IRS Unveils New Performance Measures

In one of many cultural changes mandated by the IRS Restructuring and Reform Act of 1998, the IRS set out to overhaul its employee evaluation methods. The bottom line—the IRS needed to find a way to assess employee performance that did not rely on enforcement results (for example, evaluating its employees based on the amount of tax dollars collected or assessed as a result of examinations).

In addition, the new measurement system would have to use "fair and equitable treatment of taxpayers" as one of the standards for evaluating the performance of its employees.

The proposed performance measurement system will have three major components: customer satisfaction measures, employee satisfaction measures and business results measures.

According to the proposed regulations, the IRS will survey taxpayers and use questionnaires to determine customer satisfaction with its operating units. Taxpayers will be asked whether or not they received courteous, timely and professional treatment from IRS personnel. The collected confidential information will be one element used to evaluate individual IRS employees and the service's operating units.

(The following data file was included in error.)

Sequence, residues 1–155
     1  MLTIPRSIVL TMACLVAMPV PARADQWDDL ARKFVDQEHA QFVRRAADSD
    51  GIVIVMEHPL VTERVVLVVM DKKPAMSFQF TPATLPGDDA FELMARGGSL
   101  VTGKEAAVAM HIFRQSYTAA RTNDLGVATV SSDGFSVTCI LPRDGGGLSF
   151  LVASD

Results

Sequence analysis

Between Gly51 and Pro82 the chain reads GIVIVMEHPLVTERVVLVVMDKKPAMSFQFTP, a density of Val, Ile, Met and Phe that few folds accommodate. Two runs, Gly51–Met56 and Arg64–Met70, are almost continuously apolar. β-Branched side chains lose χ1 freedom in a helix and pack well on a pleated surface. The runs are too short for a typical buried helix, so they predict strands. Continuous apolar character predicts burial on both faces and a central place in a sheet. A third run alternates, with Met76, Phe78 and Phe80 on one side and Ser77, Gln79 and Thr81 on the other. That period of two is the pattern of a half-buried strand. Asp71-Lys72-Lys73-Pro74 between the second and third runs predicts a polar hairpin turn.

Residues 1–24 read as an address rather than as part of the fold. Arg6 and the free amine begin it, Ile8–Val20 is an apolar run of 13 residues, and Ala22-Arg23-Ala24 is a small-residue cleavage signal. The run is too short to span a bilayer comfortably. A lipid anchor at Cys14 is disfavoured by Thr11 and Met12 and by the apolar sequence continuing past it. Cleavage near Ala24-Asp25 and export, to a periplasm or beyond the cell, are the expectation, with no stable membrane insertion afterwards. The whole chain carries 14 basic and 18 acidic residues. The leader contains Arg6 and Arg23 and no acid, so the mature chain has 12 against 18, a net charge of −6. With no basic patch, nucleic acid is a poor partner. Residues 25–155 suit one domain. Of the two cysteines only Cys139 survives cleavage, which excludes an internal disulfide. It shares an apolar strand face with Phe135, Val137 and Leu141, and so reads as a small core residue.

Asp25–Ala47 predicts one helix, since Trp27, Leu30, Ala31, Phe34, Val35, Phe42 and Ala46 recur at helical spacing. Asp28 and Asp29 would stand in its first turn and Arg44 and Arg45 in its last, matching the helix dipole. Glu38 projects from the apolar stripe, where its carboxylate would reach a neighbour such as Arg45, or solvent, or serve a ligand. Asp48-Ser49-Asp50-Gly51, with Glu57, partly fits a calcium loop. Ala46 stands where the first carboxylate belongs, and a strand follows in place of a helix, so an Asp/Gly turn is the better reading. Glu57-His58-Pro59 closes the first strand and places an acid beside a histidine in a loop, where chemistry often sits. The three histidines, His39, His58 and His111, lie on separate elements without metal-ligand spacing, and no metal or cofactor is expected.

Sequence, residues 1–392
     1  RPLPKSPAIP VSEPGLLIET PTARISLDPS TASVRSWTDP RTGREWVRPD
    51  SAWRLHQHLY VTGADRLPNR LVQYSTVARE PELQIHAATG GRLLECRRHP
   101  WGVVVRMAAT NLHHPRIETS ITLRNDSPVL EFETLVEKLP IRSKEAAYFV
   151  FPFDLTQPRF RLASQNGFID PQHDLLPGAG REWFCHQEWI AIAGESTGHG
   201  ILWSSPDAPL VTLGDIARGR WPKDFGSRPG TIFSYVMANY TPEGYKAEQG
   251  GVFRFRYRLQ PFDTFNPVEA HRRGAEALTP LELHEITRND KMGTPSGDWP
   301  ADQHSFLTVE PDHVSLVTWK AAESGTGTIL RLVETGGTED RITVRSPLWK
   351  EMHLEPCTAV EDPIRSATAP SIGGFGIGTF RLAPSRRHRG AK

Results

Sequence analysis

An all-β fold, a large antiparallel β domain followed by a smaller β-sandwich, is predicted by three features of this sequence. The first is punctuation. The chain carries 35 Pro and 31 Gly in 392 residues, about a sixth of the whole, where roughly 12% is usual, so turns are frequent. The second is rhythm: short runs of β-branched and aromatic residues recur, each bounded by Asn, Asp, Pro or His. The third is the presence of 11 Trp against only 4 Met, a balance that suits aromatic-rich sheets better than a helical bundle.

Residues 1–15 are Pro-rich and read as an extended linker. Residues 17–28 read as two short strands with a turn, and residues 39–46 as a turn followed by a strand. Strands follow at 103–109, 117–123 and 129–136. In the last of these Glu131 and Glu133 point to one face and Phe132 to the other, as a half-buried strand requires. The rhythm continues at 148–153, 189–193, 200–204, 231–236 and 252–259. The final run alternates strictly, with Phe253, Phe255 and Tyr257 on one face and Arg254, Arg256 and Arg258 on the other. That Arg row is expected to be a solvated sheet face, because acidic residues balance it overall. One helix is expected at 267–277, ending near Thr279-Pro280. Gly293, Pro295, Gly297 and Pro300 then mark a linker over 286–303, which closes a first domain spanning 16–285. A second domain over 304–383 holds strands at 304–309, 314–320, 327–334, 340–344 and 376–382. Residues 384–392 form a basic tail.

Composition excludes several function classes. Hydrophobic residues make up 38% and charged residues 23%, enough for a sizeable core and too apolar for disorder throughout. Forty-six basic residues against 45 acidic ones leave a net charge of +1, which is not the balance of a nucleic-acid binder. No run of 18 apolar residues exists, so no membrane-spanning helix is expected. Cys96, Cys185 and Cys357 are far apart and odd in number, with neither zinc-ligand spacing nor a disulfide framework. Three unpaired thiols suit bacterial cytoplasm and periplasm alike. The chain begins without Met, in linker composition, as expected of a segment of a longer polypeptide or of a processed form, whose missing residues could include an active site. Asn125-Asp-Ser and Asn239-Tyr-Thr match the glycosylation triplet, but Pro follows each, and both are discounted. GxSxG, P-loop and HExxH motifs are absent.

Employee satisfaction will also play a part in performance measurement. Service employees will be surveyed to rate their operating units. The information will then be used to assess not only employee satisfaction but also the quality of supervision in each unit and the adequacy of training and support services.

Business results measures will be determined by using both quality and quantity measures. A team of IRS employees will gather information for the quality measures. For instance, when evaluating the performance of exam or collections units, this team will determine whether taxpayers were treated properly and in a timely manner, if tax laws were correctly applied and if agents accurately answered taxpayer questions. The information will be quantified to rate employees' performance.

Quantitative measures will consist of weighing "outcome-neutral" production data, such as the number of cases closed, work items completed and hours expended on a case. In short, the information derived from such data will not be based on the actual tax enforcement results in any case.


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